THE independent-counsel investigation of corruption at the Reagan-era Department of Housing and Urban Development (HUD) is proceeding full-speed ahead.
Yesterday, another trial was set to begin: Developer Victor Cruise, a business partner of GOP political consultant Paul Manafort, faces four felony counts in United States District Court in Washington for allegedly lying to a grand jury about his role in seeking HUD funds for a low-income housing project in Savannah, Ga.
Mr. Cruise's trial comes just a week after three other men were convicted of giving illegal gratuities to a top HUD official. But the three, including Lance Wilson, a one-time chief assistant to former HUD Secretary Samuel Pierce, were cleared of more serious charges of wire fraud, conspiracy, and bribery. Grand jury meets tomorrow
Teresa Duggan, a spokeswoman for independent counsel Arlin Adams, says the investigation is proceeding and "will involve more indictments." A federal grand jury is scheduled to meet tomorrow to hear evidence in the case.
Informed sources do not believe the independent counsel has sufficient evidence yet to move against either Mr. Pierce or former Sen. Edward Brooke (R) of Massachusetts, a prominent lobbyist on behalf of firms that received HUD funds in the 1980s.
Instead, speculation about who will be the next target centers around Philip Winn, a former assistant secretary of housing who was US ambassador to Switzerland from 1988 to 1989. Business associates of Mr. Winn may also be targeted.
After leaving HUD, Winn ran a Denver-based development firm called the Winn Group, which received about $163 million in federal subsidies and tax credits, congressional investigators say.
The Winn Group partners included many former HUD officials, including J. Michael Queenan, a former director of the housing-development division at HUD's Denver regional office, and Mr. Wilson, convicted of influence-peddling last week.
Winn is "a natural" to be indicted, says Stuart Weisberg, staff director of the House Government Operations subcommittee that probed influence-peddling at HUD.
"The Winn Group received more [in HUD funds] than any other development group. The only group more successful during that period of time was the Harlem Globetrotters," he says.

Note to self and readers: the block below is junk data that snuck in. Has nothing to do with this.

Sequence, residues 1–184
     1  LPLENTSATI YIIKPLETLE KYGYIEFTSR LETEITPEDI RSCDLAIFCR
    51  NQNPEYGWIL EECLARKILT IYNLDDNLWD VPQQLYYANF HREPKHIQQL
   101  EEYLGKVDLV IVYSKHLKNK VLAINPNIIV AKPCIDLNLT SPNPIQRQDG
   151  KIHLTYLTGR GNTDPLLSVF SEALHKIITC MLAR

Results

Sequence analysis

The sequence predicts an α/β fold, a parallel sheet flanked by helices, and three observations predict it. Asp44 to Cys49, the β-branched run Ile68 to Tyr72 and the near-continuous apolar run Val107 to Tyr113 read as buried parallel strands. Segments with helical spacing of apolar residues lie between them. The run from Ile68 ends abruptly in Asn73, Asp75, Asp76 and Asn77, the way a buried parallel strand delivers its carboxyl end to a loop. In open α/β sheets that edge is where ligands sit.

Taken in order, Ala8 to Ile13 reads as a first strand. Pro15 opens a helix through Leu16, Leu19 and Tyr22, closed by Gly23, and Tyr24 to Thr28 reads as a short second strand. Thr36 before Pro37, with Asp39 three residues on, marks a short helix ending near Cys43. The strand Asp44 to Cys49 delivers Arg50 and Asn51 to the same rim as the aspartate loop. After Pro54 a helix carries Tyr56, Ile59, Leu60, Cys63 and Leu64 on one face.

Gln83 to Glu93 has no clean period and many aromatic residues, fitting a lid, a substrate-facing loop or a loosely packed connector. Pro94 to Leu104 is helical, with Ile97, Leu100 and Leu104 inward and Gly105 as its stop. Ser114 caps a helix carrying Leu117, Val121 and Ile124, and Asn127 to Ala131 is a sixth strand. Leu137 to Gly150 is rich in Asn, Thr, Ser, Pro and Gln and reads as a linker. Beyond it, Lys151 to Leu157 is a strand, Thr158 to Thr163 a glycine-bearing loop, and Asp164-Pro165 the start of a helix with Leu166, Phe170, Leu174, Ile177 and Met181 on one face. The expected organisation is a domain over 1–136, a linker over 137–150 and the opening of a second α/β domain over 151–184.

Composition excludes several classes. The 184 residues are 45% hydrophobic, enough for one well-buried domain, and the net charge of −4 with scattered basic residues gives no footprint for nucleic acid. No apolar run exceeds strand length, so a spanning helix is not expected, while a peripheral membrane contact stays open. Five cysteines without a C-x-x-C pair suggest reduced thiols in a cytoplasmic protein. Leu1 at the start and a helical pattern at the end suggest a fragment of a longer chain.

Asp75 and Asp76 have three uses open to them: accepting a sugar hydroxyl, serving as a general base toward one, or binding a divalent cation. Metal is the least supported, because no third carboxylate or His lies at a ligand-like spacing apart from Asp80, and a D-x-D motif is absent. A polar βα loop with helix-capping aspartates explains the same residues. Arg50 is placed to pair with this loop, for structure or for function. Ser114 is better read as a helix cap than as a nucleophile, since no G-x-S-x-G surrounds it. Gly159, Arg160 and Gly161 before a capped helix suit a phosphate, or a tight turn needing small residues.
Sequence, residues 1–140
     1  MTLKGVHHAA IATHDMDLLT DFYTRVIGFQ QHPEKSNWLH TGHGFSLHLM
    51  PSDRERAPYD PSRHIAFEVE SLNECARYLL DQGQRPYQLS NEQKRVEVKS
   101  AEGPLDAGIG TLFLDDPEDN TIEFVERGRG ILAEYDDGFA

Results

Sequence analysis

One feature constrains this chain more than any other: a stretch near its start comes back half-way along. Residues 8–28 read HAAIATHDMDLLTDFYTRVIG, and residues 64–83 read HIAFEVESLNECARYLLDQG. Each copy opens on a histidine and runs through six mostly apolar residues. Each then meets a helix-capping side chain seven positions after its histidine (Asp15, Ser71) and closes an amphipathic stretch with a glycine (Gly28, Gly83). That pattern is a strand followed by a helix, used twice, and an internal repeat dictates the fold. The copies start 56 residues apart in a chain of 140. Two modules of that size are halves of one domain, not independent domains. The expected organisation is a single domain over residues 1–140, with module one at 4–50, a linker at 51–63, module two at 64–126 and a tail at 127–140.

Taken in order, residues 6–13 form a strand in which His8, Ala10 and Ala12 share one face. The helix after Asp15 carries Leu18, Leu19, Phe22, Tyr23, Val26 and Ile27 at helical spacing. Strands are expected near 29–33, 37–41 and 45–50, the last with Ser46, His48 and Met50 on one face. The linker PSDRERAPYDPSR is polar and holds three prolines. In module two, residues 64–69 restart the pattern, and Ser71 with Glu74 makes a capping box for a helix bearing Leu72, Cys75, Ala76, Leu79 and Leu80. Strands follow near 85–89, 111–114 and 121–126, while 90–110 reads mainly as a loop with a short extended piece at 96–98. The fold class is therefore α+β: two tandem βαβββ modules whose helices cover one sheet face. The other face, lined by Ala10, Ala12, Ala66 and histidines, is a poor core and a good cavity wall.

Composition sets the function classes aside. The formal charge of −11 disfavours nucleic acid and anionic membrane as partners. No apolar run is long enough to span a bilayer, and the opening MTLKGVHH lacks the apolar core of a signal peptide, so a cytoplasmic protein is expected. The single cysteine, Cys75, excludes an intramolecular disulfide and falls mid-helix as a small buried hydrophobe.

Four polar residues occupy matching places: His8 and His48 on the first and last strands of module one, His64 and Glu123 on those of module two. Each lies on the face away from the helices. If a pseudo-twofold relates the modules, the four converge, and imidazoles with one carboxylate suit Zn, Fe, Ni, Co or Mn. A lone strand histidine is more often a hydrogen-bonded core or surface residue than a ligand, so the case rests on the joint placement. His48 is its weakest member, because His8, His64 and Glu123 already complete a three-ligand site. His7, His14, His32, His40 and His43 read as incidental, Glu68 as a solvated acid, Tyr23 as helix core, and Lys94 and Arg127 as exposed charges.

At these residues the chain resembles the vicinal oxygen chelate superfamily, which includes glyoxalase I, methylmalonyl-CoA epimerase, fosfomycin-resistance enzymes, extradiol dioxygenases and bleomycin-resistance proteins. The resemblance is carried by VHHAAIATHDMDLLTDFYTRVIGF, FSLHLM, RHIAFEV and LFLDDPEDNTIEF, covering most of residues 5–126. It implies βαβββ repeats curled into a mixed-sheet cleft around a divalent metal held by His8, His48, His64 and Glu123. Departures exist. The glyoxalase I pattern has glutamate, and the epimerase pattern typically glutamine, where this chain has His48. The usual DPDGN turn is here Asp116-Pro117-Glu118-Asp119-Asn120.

A source close to the case confirms that the independent counsel has "been threatening an indictment of Winn for six months."
Winn and his lawyers could not be reached for comment. But an attorney for Mr. Queenan said he had not been notified that his client might be indicted.
Winn's role in alleged influence-peddling at HUD has come to light because several former associates have been convicted or indicted in the HUD scandal:
* Silvio DeBartolomeis, a former HUD official, admitted to receiving a $20,000 loan that was "facilitated" by Winn as compensation for Mr. DeBartolomeis's services in getting HUD funds for the Winn Group. DeBartolomeis is cooperating with prosecutors.
* Benton Mortgage Company, which ran low-income housing developments in Oklahoma and Texas, worked on at least one project with Winn. Benton pleaded guilty in June 1992 to concealing payments to former HUD officials who acted as project consultants. The company agreed to pay a $1 million fine and to cooperate with the independent-counsel investigation.
* Another Winn associate was Thomas Demery, a one-time top aide to Pierce.
According to a 19-count felony indictment of Mr. Demery, he accepted the free use for a week of a condominium and car partially owned by Winn in the ski-resort town of Vail, Colo. In return, the indictment charges, Demery helped Winn's company obtain millions of dollars in HUD funds for projects in Aurora, Colo., and Richland, Wash.